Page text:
\ ˈgläm How to pronounce glom (audio) \
glommed; glomming

Definition of glom

glom on to
: to grab hold of : appropriate to oneself glommed on to her ideas

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Synonyms & Antonyms for glom



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It's a classic case of glomming: Americans seized on glaum (a term from Scots dialect that basically means "grab") and appropriated it as our own, changing it to glom in the process. Glom first meant "steal" (as in the purse-snatching, robber kind of stealing), but over time that meaning got stretched. Today, glom often figuratively extends that original "steal" sense. A busy professional might glom a weekend getaway, for example. Glom also appears frequently in the phrase glom on to, which can mean "to appropriate for one's own use" ("glom on to another's idea"); "to grab hold of" ("glom on to the last cookie"); or "to latch on to" ("glom on to an opinion" or "glom on to an influential friend").

Examples of glom in a Sentence

the manager glommed the shoplifter just as she was about to bolt out of the store
Recent Examples on the Web Braun plays Derrek as a version of Cousin Greg without the rich family to glom onto — an embodiment of cuckolded, ineffectual frustration. Alison Willmore, Vulture, 30 June 2021 The reinforcements glom together into a clot that staunches the flow. Megan Molteni, STAT, 24 Apr. 2021 The role of these antibodies is to glom onto the virus and prevent it from infecting cells. Kate Baggaley, Popular Science, 8 Jan. 2021 But there’s a long tradition of spoofing laughably bad writing, and so why not glom onto it? Washington Post, 17 Dec. 2020 During these events, neutrons glom onto heavy nuclei to build even heavier nuclei, some of which then blast out into the wider cosmos. Marcus Woo, Scientific American, 17 Nov. 2020 Some antibodies glom on to the specific bit of the spike protein used to interact with ACE2, effectively blocking it from infecting cells. Beth Mole, Ars Technica, 24 Aug. 2020 The East End, once the ultimate place for Klipspringers to glom on to Gatsbys and post geotagged Instagrams by their guesthouses, seemed to be more like the closed-door Maidstone Club: for members only. Elise Taylor, Vogue, 13 July 2020 How important can a movement be, it’s often been asked, if the most heinous corporations and institutions in the world can glom onto it and earn praise for meaningless statements and gestures? Osita Nwanevu, The New Republic, 6 July 2020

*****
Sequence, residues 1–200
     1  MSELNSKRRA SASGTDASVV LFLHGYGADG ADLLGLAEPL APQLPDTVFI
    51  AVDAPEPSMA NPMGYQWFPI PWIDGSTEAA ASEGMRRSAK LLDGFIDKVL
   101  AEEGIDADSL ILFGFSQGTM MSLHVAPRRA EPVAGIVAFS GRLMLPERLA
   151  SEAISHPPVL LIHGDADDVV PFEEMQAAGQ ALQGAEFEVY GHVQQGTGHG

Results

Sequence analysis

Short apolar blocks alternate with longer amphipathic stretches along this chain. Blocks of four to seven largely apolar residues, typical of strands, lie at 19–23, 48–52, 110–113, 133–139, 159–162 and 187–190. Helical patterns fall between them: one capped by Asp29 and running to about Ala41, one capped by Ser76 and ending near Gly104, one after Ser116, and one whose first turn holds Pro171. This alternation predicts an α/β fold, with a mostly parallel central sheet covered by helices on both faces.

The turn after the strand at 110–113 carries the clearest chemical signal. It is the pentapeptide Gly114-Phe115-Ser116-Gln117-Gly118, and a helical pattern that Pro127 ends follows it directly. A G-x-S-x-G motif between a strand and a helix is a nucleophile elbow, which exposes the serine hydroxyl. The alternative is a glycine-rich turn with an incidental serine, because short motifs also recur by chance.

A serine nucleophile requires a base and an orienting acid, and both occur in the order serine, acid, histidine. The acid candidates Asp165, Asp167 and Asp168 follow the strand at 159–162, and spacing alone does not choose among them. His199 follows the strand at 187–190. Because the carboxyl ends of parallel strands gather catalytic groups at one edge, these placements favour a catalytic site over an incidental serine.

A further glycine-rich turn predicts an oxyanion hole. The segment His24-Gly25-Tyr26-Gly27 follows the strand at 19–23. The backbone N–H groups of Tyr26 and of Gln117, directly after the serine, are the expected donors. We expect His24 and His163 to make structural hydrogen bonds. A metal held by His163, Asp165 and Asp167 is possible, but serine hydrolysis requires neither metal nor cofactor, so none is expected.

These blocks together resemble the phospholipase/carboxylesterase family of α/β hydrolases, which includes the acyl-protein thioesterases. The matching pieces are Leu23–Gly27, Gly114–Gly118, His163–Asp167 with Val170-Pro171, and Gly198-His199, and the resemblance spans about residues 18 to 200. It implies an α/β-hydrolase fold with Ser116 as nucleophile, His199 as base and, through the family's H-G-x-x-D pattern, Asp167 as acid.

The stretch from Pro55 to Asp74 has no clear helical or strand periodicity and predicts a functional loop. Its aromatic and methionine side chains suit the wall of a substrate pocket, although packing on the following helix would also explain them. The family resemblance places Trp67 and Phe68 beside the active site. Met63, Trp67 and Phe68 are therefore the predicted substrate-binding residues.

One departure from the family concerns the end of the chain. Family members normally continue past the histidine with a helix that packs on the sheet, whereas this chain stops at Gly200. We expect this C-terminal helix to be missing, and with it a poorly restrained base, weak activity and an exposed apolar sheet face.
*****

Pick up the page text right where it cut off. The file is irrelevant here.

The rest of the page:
These example sentences are selected automatically from various online news sources to reflect current usage of the word 'glom.' Views expressed in the examples do not represent the opinion of Merriam-Webster or its editors. Send us feedback.

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First Known Use of glom

1907, in the meaning defined at sense 1

History and Etymology for glom

alteration of English dialect glaum to grab

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Last Updated

14 Jul 2021

Cite this Entry

“Glom.” Dictionary, Merriam-Webster, Accessed 1 Aug. 2021.

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More Definitions for glom



English Language Learners Definition of glom

US, informal : to take or get (something)


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